17 The war: How necessary is culture change?

18 Key platform of your organization’s desired culture  Customer service/satisfaction (16)  Employee engagement/satisfaction (8)  Clinical quality (6)  Other mentions: Recruiting/having best employees Physician satisfaction Facilities Efficiency

19 Commitment to change

20 How we manage culture

21 How we manage…

22 Who’s actively involved?

23 Who’s on board and fully committed?

24 But 33% report that physicians are subtle naysayers or flat out antagonistic!

25 Barriers to change  Not a priority(10)  Time and money (8)  Inertia (6)  Other mentions: CEO Size & complexity Physicians Lack of commitment …and at least 30 others

26 Respondent’s role in culture change

27 Satisfaction with role

28 Those who play an important role in culture change are mostly (80%) satisfied with the support of others in organization but LESS SO with time and resources to do the job.

29 If you are NOT a leader… …If not, why not?

30 Issues you want to talk about – and we will.....  Getting top management support  How to create the burning platform  Implementation & how to make it stick  How to push change through the ranks  How to get consistency  System decentralization  Hiring right  How to drain the swamp when you’re up to your bubpkus in alligators

31 BUT FIRST – Some Stories Tales from the Front Lines: Successes and Failures

32 Cinci Children’s: A Classic Case  New CEO, from manufacturing, said quality will be our strategic position  And we start with safety  And he got docs on board  And the board on board  And now safety IS the DNA of CCHMC

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35 September 15, 2007 Managing Outcomes Helps a Children’s Hospital Climb in Renown By REED ABELSONREED ABELSON CINCINNATI — Although it is nearly 2,000 miles from Boise, Idaho, Cincinnati Children’s Hospital means to make a visit here worth a patient’s journey. Not content to play a regional role, the Cincinnati Children’s Hospital Medical Center has emerged as a national name in pediatric medicine, drawing patients from distant cities like Boise. Lacking the prestige of other well-known pediatric centers, Cincinnati Children’s had to learn to compete on something else, said Dr. Charles Homer, the chief executive of the nonprofit National Initiative for Children’s Healthcare Quality. “The something else is quality.”

36 On the other hand.....  Major multi-state healthcare system  Interviews with employees on attitudes and morale  “Quality – the ‘new initiative’ du jour  “First it was guest services, then patient satisfaction, then Six Sigma, then quality, then CQI, then TQM ”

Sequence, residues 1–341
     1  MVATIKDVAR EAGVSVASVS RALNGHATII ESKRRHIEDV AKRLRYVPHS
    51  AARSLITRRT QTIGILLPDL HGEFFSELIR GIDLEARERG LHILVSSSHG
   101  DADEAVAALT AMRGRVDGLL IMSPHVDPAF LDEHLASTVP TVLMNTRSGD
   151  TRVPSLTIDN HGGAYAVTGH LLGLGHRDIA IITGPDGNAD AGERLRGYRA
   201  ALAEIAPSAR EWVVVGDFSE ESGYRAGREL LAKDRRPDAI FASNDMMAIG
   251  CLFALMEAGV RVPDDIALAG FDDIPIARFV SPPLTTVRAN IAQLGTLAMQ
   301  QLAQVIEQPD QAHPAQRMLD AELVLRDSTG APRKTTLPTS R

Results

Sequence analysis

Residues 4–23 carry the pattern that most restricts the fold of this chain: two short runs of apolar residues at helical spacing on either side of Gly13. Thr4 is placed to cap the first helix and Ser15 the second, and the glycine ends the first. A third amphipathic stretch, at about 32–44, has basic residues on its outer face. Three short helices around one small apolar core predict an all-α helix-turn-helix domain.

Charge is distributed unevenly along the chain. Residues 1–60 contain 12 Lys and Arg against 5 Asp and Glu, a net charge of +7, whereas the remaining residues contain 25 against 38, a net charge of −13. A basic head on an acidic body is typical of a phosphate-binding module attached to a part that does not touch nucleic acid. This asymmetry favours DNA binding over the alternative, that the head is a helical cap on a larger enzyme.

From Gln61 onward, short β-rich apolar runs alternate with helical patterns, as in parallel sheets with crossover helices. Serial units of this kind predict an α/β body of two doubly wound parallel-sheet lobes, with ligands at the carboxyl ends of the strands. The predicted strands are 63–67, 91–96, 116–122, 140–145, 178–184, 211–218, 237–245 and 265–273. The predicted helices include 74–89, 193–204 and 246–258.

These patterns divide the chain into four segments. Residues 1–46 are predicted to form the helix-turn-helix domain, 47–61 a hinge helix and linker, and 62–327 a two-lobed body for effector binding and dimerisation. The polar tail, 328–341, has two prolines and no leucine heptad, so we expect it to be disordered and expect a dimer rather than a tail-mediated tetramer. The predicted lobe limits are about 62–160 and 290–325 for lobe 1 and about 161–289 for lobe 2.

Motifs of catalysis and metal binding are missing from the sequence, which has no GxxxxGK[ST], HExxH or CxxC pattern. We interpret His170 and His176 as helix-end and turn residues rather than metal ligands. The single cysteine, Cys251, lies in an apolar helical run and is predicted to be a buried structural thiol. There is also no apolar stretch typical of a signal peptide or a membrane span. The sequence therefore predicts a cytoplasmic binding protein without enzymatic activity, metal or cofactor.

37 On being the AMA’s Conscience

38 On Being the AMA’s Conscience  It all started innocently enough  Establishing a culture of openness in an organization of control freaks  The freedom of one to question No ratting and no pulling the punches

39 Stories from the front  Tobacco Institute wants to meet with the AMA  Media Tours and openness  Media briefings and sponsorship

40 How to screw it all up  Trying to hide things from the media in a public world. Closing the openness.  The GE debacle.

41 The Service Success Story

42 Getting top management support  First, the CEO problem  Then tackle the rest of the gang: Bring data Bring strategy Find models Find tools

43 The Ritz-Carlton Formula  Make management visible  Put employee satisfaction first  Imprint the standards  Lineups: everyday, everyone

44 Creating the burning platform  If you have a crisis, revel in it  If you don’t have a crisis Lead by inspiration Model the competition

45 The Call to Action: Service First! We will provide quality healthcare through Service First! so that people choose Oakwood and its affiliated physicians.

46 Implementation: Make it stick - even if you’re big, complex,decentralized  Clear vision, definitions and standards  New processes to support new cultures HR policies and practices critical Reliable tracking systems Accountability mechanisms  Disciplined, methodical rollout plan with standardized communications

47 The Huddle: A breakthrough communications tool  Systematic process for assuring group discussions every day

48 Guiding principles  Simplicity: 5 to 10 minute meeting  Consistency: everyone, everyday, every shift  Interactivity: discuss Service First! Standards  Motivational: reinforce personal values  Fun: engender team spirit

49 Do You Rely On Huddles for Information?

50 Patient loyalty scores: cause and effect?

51 PrePostChange Consumer Top-of-mind Awareness 36.3%44.2%  7.9 Consumer Preference 31.2%41.6%  10.4 Market Share 35.3%38.9%  3.6 Profitability -2%1%  3pts Other Major Gains

52 Chain of success starts with satisfied employees

53 The VanRinsven formula for victory  Hire right  Do “onboarding” by top leadership in person  Create “emotional engagement”  Show physicians that an environment of engaged employees is in THEIR best interest

54 And Now

55 Issues you want to talk about…  Getting top management support  How to create the burning platform  Implementation & how to make it stick  How to push change through the ranks  How to get consistency  System decentralization  Hiring right  Oh, and what about those damn alligators?

56 For questions or more discussion --